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June 30, 2009 2:42 PM

Fried Frank Hosts Gay Marriage Panel Discussion

Posted by Rachel Breitman

While the New York State Senate's stalemate over majority control has prevented a gay marriage bill from coming to a vote, if the crowd at a law firm event on Monday night is any indication, New York lawyers remain enthusiastic about the future of same sex marriage rights.

About 80 young attorneys and students attended a panel discussion on same sex marriage laws organized by Fried, Frank, Harris, Shriver & Jacobson. The annual gay pride week event, now in its ninth year, is dedicated to the memory of Michael Diehl, a second-year associate at Fried Frank who died in an accident in 1999.

New York state assembly members Daniel O'Donnell and Deborah Glick, who helped pass same sex marriage bills in 2007 and 2009, addressed the issue and provided information on how people can get involved in and support same sex marriage rights. (State senator Tom Duane originally was slated to attend but remained in Albany awaiting a court-mandated special session of the state senate.) Both speakers said they were optimistic about the future and believe lawyers likely will play a decisive role in gay rights.

"At this point, lawyers are fighting for marriage equality on a state-by-state basis, but the bigger fight will be a national one," Glick said. She is the first openly gay elected official in New York state. "We will also be harnessing the work of young lawyers to help with issues like the military's 'Don't Ask Don't Tell' policy."

The law students in attendance expressed the hope that law firms will provide them with opportunities to play a part in future gay rights-related litigation.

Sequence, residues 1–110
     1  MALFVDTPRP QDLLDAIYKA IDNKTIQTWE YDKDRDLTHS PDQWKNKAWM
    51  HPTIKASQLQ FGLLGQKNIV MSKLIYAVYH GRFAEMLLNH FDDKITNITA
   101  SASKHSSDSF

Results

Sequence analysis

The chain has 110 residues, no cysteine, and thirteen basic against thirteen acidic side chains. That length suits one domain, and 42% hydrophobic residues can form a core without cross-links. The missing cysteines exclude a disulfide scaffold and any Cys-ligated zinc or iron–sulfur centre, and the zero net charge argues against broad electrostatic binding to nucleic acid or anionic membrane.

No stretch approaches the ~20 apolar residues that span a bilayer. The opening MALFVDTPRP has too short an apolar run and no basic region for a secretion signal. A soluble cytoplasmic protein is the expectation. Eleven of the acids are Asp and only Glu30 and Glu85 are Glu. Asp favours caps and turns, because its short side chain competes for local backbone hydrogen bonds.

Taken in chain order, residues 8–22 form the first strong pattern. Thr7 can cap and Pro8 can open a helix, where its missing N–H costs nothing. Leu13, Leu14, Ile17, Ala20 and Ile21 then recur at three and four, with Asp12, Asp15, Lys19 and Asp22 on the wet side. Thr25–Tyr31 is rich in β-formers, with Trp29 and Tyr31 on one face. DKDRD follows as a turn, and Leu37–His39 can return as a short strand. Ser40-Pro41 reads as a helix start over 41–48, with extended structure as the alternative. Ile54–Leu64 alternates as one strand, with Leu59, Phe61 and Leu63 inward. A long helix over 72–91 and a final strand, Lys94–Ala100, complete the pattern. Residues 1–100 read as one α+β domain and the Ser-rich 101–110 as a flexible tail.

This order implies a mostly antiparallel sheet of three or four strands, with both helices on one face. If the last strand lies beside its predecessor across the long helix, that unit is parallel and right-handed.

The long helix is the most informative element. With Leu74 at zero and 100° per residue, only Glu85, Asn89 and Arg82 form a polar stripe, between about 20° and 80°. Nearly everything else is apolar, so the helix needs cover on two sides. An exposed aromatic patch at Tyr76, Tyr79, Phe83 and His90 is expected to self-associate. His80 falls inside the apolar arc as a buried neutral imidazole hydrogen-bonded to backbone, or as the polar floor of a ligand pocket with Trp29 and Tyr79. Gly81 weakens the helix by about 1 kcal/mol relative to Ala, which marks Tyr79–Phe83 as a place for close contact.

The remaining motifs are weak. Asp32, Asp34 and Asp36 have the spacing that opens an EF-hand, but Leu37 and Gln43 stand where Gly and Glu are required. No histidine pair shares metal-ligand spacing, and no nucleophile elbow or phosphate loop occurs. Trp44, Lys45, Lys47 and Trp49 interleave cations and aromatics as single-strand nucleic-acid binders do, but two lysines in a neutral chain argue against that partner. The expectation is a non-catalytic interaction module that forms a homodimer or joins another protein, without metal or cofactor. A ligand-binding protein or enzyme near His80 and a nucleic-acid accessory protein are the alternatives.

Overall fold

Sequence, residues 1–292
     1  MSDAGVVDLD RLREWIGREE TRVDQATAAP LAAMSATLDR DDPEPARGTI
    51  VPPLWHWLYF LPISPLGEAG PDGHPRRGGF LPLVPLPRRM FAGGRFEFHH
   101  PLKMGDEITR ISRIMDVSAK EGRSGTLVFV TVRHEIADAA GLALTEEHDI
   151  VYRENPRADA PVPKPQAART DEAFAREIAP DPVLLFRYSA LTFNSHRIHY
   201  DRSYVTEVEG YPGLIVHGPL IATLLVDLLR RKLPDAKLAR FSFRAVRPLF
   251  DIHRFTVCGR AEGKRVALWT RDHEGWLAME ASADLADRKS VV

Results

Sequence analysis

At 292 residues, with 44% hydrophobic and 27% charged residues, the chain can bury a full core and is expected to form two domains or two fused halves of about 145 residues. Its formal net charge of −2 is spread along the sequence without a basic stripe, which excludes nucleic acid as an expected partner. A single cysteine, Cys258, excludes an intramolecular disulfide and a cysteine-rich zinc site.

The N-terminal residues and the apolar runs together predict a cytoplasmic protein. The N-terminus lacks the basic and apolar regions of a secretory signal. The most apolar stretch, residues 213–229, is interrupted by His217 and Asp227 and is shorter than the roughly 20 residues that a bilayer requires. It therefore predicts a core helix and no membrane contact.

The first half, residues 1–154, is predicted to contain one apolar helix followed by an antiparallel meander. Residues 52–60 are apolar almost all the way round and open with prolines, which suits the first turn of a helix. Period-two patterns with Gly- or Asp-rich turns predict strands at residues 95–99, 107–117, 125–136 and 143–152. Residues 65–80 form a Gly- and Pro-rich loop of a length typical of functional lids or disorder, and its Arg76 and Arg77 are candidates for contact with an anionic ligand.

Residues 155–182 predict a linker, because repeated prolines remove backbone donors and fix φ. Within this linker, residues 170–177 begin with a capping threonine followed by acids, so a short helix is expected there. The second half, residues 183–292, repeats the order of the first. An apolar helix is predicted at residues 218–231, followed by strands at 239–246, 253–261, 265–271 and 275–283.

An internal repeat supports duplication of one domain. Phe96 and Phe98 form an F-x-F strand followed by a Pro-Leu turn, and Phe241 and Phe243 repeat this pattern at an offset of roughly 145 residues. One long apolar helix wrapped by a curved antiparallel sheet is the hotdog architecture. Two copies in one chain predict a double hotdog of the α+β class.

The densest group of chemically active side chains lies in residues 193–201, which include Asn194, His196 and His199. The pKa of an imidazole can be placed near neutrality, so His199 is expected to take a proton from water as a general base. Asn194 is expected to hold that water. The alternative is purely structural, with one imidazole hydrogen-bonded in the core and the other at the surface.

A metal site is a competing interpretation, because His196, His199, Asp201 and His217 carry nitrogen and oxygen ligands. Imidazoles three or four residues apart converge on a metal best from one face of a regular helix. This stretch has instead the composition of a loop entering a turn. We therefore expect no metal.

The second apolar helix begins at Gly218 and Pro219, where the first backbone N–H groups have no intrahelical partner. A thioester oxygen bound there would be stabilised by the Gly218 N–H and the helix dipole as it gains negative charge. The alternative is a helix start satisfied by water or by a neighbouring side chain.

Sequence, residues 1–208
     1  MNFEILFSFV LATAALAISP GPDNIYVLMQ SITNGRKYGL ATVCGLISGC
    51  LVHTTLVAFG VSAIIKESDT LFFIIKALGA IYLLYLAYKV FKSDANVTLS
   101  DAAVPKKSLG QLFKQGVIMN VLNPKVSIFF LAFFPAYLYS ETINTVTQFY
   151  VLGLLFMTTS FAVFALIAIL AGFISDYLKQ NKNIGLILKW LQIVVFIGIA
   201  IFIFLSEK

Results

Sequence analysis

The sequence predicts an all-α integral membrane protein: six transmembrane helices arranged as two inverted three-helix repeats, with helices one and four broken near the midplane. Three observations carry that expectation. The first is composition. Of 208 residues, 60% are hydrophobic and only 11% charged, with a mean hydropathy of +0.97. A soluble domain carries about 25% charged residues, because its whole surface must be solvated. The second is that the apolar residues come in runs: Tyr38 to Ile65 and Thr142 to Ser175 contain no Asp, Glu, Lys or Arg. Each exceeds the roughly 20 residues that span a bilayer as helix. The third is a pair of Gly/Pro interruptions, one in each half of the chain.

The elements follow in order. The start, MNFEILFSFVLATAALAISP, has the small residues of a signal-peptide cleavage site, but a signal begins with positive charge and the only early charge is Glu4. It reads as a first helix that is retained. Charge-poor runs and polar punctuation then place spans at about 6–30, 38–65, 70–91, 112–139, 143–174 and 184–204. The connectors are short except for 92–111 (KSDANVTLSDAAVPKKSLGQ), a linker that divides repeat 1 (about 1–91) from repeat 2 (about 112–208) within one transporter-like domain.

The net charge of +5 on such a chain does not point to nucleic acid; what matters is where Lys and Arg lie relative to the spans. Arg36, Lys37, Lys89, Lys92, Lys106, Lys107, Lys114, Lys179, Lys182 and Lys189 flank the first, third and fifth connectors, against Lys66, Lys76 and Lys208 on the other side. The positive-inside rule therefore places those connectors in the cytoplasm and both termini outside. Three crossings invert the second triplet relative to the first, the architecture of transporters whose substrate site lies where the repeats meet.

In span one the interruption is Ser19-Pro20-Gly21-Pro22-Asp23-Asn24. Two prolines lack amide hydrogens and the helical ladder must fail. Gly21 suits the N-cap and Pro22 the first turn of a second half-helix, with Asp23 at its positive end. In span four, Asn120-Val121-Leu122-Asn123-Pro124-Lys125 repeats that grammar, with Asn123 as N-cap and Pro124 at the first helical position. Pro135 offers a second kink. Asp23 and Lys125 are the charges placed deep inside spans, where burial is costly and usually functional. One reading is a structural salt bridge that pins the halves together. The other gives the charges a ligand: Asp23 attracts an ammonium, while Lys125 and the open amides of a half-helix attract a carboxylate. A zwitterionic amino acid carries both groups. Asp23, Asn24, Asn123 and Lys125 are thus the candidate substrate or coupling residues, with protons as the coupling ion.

"It's like being a civil rights activist during Rosa Parks's era," says Clement Lee, a rising 2L at Benjamin N. Cardozo law school, who attended the event.

In previous years, forums were held at Fried Frank's lower Manhattan office and were open for firm lawyers. This year, the organizers decided to extend an invitation to the event to law students and lawyers from other New York firms.

"We mentioned it to other firms and sent it to groups at all the local law schools," says Patrick Murphy, a first-year associate at Fried Frank and cochair of the firm's lesbian, gay, bisexual, and transgender affinity group. "We hope that events like this help set us out as a LGBT-friendly firm."

The firm says that by expanding the invite list, it hopes to raise awareness of civil rights issues among young lawyers. 

"We hoped that a forum on social justice that coincided with gay pride week and the start of summer associate season would encourage new lawyers to get involved in work that benefits their community," says Robert Edwards, director of legal recruitment at Fried Frank.

Fried Frank wasn't the only firm commemorating gay pride month. Clifford Chance is hosting an art exhibition showcasing historical photographs from the gay rights movement in its New York office; the firm's London office will exhibit artwork by seven gay and lesbian artists. Last week Morrison & Foerster hosted a seminar on building LGBT-inclusive workplaces.

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